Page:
New draft legislation on Anti-Money Laundering in Switzerland


Government And Regulatory Affairs

I. Introduction

On August 30, 2023, the Swiss Federal Council (SFC) launched a consultation procedure on a preliminary draft legislation (the Draft Bill) to strengthen Switzerland’s anti-money laundering framework by inter alia establishing a federal register of ultimate beneficial owners (UBOs) of legal entities. The Draft Bill aims to align Switzerland with international standards set by bodies such as the Financial Action Task Force and the Global Forum on Transparency and Exchange of Information for Tax Purposes. The purpose of this bulletin is to set out some key elements of the Draft Bill.

The consultation procedure on the Draft Bill will last until November 29, 2023. The SFC will then submit the related dispatch to the Swiss Parliament in 2024.

II. New Corporate Transparency Act

A. Scope of Application

The Draft Bill calls for the introduction of a new Corporate Transparency Act, which would apply to:

  • Swiss legal entities governed by Swiss law (e., joint-stock companies, limited liability companies, SICAVs, SICAFs, cooperatives, foundations and associations required to register with the Commercial register), with some exemptions for listed companies, pension funds and legal entities held by public authorities; and
  • legal entities governed by foreign law, provided that (a) they have a Swiss branch registered in the Swiss commercial register, (b) their effective management is carried out in Switzerland or (c) they own real estate or intend to acquire real estate in Switzerland.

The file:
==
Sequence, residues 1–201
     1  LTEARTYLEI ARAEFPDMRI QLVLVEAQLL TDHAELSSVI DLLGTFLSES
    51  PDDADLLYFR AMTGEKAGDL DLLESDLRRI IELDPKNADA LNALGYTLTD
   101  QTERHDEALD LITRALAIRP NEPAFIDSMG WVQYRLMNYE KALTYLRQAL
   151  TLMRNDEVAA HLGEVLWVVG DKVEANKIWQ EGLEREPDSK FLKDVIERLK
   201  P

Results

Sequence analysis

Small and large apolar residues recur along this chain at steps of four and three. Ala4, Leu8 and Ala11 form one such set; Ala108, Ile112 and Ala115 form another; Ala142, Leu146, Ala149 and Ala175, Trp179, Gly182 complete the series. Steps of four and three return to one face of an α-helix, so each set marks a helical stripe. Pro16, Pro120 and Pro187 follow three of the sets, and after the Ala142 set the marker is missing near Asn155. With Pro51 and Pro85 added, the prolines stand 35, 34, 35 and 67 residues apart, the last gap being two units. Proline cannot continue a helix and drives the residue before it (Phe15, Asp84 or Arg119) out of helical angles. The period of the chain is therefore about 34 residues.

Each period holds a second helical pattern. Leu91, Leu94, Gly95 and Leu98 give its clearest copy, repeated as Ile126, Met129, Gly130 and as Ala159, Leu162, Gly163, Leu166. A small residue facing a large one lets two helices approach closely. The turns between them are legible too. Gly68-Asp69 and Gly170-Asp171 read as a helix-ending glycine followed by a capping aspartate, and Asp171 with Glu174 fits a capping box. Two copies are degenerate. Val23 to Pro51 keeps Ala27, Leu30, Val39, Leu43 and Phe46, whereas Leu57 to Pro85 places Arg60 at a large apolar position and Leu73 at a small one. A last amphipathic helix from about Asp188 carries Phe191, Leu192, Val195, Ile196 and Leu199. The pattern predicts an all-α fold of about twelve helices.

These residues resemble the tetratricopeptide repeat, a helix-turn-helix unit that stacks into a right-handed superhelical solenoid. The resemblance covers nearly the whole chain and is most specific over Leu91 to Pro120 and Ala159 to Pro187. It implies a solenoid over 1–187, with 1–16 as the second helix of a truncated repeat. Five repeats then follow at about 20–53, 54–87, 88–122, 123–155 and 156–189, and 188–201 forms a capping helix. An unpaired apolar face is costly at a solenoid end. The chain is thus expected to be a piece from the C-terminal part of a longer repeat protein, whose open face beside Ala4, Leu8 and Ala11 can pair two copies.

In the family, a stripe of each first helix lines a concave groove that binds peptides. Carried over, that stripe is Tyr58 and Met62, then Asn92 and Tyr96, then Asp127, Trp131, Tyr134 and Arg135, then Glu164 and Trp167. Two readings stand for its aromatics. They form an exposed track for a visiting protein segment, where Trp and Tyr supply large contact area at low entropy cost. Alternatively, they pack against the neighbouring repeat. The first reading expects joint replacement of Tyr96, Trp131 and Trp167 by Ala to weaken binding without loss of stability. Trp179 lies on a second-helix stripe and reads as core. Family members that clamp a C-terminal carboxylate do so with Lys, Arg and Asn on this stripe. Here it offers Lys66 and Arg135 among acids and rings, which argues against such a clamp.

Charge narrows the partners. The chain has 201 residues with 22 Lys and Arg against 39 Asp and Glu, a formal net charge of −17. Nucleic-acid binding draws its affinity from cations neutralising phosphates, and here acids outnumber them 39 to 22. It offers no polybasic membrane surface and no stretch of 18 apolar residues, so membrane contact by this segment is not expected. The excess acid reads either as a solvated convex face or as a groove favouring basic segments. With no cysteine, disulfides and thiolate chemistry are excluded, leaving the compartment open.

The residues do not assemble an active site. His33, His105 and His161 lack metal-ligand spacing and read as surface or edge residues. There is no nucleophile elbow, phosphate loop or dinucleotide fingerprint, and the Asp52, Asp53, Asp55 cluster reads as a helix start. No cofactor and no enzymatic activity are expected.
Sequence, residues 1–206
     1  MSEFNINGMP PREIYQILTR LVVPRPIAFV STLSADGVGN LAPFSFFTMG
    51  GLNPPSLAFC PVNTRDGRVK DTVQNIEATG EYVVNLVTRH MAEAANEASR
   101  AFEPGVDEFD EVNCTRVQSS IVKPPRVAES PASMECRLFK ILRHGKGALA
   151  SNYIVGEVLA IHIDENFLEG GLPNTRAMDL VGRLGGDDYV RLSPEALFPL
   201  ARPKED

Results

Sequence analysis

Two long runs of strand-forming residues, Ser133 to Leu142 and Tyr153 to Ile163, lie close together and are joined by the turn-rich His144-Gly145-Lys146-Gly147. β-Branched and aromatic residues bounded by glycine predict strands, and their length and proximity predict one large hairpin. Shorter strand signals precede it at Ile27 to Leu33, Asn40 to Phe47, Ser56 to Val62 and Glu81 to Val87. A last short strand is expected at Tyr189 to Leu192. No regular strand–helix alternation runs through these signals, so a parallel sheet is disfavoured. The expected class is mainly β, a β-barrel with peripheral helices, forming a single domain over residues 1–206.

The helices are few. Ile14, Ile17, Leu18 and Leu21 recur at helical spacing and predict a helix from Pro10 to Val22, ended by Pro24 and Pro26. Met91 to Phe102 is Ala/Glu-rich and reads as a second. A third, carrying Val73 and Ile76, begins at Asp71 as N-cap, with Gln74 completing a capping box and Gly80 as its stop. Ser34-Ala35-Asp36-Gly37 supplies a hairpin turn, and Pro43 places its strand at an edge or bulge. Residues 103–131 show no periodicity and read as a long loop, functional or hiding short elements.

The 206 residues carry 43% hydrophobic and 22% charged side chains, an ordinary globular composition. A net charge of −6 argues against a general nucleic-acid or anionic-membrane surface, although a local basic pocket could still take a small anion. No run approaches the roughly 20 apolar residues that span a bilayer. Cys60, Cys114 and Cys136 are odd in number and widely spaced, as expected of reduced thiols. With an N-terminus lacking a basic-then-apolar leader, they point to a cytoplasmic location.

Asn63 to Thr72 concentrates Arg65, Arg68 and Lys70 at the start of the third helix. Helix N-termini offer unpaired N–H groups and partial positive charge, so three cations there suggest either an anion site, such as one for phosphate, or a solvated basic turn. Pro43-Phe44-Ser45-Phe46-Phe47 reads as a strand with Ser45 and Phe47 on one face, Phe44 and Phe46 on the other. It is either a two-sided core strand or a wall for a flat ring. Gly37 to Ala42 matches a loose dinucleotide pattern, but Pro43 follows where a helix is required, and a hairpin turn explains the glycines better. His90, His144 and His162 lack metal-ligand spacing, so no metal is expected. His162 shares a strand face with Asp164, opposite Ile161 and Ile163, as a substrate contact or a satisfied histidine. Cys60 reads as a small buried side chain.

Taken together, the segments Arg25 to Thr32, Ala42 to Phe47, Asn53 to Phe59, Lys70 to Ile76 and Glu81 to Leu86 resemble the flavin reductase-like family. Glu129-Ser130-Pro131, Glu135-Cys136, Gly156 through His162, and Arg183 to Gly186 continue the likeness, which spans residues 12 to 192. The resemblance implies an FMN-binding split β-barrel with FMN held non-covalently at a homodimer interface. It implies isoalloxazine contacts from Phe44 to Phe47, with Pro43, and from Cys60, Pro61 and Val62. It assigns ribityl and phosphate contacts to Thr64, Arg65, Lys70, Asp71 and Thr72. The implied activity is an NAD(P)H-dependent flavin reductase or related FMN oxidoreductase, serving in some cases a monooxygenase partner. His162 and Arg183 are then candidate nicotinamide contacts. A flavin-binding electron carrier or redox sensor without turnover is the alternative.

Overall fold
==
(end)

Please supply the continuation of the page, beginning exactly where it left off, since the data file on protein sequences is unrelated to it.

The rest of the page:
B. Identification and Verification Duties

Current law provides that any person who alone or by agreement with third parties acquires shares in a company whose participation rights are not listed on a stock exchange, and thus reaches or exceeds the threshold of 25% of the share capital or right to vote must give notice to the company of the natural person for whom it is ultimately acting (i.e., of the UBO). The Draft Bill suggests to define the UBO as any private individual who either individually or jointly with a third party, holds at least 25% of the legal entity’s capital or voting rights, or “otherwise exercises control” and to deem the most senior member of the management as the UBO should neither of the above criteria be met.

Current law only requires the companies to keep a register of the UBOs that have been notified to them. The Draft Bill, on the other hand, would require the legal entities themselves to identify their UBOs – with the due diligence required in the circumstances – and thus to obtain and have reliable information on their UBOs. Accordingly, the Draft Bill provides for the right and the duty for legal entities to require cooperation from shareholders and UBOs in order to be able to identify and verify their identity and to record the collected information appropriately.